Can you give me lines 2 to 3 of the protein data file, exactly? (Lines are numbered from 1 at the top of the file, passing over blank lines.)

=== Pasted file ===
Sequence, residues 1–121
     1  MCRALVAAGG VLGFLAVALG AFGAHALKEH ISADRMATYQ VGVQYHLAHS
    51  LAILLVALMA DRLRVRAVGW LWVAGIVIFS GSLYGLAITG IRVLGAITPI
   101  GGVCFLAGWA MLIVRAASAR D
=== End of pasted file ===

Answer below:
     1  MCRALVAAGG VLGFLAVALG AFGAHALKEH ISADRMATYQ VGVQYHLAHS
    51  LAILLVALMA DRLRVRAVGW LWVAGIVIFS GSLYGLAITG IRVLGAITPI